Though piñatas have been traditionally linked to Mexico for centuries, they originally came from China. Made from paper mache, clay, crepe paper, cardboard, and tissue paper, they come in all manner of designs, though the traditional one is a star with seven points, one for each of the seven deadly sins. The piñata symbolizes good overcoming evil and, because the person attempting to break it apart is blindfolded, he or she needs the help of the community giving hints to break it open, showering good down for all in the manner of sweets, fruit, and nuts.

While the posadas are a procession through the community, there are also theatrical productions called pastorelas put on throughout the last weeks of December. The devil is often included in these comedies doing his best to set obstacles between the shepherds looking for the Christ Child and their final objective in Bethlehem. Each community adds it's own flavor to the story and these productions last anywhere from an hour to a few days. All tell essentially the same story and are, for the most part, a portrayal of the conflict between good and evil. It is in the dialogue, sometimes handed down verbally from generation to generation, and in the obstacles that the shepherds must surpass that the vast differences are evident.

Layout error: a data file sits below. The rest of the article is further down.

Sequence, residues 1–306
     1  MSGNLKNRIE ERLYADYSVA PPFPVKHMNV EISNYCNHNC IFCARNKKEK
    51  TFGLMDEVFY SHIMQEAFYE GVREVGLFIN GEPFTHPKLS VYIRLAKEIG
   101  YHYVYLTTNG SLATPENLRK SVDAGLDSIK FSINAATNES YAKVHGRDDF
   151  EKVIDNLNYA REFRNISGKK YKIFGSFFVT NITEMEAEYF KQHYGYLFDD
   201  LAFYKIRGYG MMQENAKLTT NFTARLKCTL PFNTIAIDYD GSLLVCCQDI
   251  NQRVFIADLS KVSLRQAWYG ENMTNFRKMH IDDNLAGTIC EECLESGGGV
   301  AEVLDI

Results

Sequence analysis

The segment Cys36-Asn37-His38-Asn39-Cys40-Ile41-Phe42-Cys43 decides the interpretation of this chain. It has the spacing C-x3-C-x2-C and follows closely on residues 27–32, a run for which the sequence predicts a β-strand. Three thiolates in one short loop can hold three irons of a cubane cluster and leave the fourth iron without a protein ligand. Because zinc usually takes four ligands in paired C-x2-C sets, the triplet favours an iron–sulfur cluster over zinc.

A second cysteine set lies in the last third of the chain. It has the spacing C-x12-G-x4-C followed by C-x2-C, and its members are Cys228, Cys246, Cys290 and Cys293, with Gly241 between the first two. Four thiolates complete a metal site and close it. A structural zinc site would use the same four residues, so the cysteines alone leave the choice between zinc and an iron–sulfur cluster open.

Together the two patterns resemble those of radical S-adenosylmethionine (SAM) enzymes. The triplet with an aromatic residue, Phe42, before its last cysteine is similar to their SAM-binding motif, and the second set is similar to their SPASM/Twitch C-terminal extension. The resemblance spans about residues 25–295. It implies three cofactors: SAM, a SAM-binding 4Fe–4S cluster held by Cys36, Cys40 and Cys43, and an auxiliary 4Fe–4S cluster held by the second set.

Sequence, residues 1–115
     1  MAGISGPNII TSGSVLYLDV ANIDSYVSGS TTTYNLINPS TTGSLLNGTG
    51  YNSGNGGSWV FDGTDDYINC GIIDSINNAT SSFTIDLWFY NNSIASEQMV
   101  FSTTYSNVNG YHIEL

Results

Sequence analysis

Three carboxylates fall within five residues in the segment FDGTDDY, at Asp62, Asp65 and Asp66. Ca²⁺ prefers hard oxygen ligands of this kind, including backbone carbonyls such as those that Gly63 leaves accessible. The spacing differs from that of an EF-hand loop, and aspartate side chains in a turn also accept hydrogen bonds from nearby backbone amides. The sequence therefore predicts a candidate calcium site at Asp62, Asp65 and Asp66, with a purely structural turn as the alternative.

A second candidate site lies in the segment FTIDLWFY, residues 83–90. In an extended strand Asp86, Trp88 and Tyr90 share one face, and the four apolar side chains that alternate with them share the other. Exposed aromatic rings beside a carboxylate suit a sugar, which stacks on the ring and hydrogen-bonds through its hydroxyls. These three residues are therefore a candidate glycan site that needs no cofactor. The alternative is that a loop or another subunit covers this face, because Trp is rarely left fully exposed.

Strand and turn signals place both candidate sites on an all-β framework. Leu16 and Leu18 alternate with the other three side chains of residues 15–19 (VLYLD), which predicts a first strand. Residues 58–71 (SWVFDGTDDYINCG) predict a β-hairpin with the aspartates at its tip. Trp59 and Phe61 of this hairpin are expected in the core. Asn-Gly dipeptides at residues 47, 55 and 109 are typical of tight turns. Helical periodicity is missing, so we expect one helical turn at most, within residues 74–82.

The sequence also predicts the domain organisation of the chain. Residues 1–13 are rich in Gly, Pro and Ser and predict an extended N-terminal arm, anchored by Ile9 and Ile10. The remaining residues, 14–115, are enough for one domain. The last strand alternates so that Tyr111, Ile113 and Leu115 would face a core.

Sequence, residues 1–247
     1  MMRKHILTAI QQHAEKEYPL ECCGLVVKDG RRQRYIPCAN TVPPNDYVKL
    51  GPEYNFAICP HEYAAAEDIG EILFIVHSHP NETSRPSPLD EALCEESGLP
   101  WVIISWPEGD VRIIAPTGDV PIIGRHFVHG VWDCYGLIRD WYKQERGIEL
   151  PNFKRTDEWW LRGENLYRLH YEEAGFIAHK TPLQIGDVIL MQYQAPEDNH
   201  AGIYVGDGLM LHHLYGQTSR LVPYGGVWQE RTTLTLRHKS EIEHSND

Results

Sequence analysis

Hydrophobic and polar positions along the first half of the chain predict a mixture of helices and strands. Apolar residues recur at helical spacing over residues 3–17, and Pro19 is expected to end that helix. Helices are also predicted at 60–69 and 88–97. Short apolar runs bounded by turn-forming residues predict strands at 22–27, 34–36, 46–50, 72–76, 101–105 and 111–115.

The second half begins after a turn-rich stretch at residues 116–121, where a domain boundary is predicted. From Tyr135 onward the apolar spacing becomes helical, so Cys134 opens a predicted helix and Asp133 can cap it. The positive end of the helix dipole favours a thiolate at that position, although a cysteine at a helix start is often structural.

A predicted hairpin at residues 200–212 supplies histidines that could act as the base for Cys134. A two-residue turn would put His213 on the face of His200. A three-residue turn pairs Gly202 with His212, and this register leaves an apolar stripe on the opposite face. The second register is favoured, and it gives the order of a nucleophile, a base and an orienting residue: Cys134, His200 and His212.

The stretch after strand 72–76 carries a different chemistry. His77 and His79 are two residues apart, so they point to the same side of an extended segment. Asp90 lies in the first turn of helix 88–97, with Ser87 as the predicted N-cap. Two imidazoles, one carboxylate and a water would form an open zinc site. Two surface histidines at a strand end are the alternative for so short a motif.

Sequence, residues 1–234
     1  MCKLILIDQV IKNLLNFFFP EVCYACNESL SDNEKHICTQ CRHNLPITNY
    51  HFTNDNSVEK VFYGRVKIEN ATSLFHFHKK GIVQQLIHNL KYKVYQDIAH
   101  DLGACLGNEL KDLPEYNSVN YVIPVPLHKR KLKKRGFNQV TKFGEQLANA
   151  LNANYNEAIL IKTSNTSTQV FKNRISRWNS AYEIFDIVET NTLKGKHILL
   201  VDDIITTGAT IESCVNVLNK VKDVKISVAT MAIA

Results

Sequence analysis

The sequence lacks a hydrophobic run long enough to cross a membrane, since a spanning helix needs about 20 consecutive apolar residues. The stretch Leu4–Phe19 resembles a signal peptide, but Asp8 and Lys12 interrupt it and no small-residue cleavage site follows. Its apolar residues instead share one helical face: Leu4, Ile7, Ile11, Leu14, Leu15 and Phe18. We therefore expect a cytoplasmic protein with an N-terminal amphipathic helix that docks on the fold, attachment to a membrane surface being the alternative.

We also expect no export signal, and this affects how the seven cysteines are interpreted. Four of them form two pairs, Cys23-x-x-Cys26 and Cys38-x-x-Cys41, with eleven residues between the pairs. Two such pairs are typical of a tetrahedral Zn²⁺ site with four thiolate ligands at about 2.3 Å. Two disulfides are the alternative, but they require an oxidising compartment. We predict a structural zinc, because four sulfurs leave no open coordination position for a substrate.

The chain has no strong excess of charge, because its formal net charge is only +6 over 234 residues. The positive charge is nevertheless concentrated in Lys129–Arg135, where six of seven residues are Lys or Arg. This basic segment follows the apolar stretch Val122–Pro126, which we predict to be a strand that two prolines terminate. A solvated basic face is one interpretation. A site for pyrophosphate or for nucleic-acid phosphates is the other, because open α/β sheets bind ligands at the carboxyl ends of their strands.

The posadas continue until Christmas Eve when, after a family dinner of traditional foods and an exchange of presents between adults, a midnight mass is celebrated. Called Miso de Gallo, or Mass of the chicken, it is named after the cock that crowed the arrival of Baby Jesus. One would think the next day would continue the celebrations, but Christmas day is surprisingly quiet. Some families do have Santa Claus come and the children open some presents in the morning. But, for the most part, people are recuperating from the late night before.